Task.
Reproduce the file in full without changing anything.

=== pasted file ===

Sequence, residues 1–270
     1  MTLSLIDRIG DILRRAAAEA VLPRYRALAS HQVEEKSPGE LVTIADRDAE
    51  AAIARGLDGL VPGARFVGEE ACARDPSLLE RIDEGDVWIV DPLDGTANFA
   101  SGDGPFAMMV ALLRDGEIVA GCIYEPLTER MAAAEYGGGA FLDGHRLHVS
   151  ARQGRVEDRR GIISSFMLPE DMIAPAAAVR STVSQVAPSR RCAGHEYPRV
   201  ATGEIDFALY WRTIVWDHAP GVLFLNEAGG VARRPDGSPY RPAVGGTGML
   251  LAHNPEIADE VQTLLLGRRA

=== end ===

Sequence, residues 1–270
     1  MTLSLIDRIG DILRRAAAEA VLPRYRALAS HQVEEKSPGE LVTIADRDAE
    51  AAIARGLDGL VPGARFVGEE ACARDPSLLE RIDEGDVWIV DPLDGTANFA
   101  SGDGPFAMMV ALLRDGEIVA GCIYEPLTER MAAAEYGGGA FLDGHRLHVS
   151  ARQGRVEDRR GIISSFMLPE DMIAPAAAVR STVSQVAPSR RCAGHEYPRV
   201  ATGEIDFALY WRTIVWDHAP GVLFLNEAGG VARRPDGSPY RPAVGGTGML
   251  LAHNPEIADE VQTLLLGRRA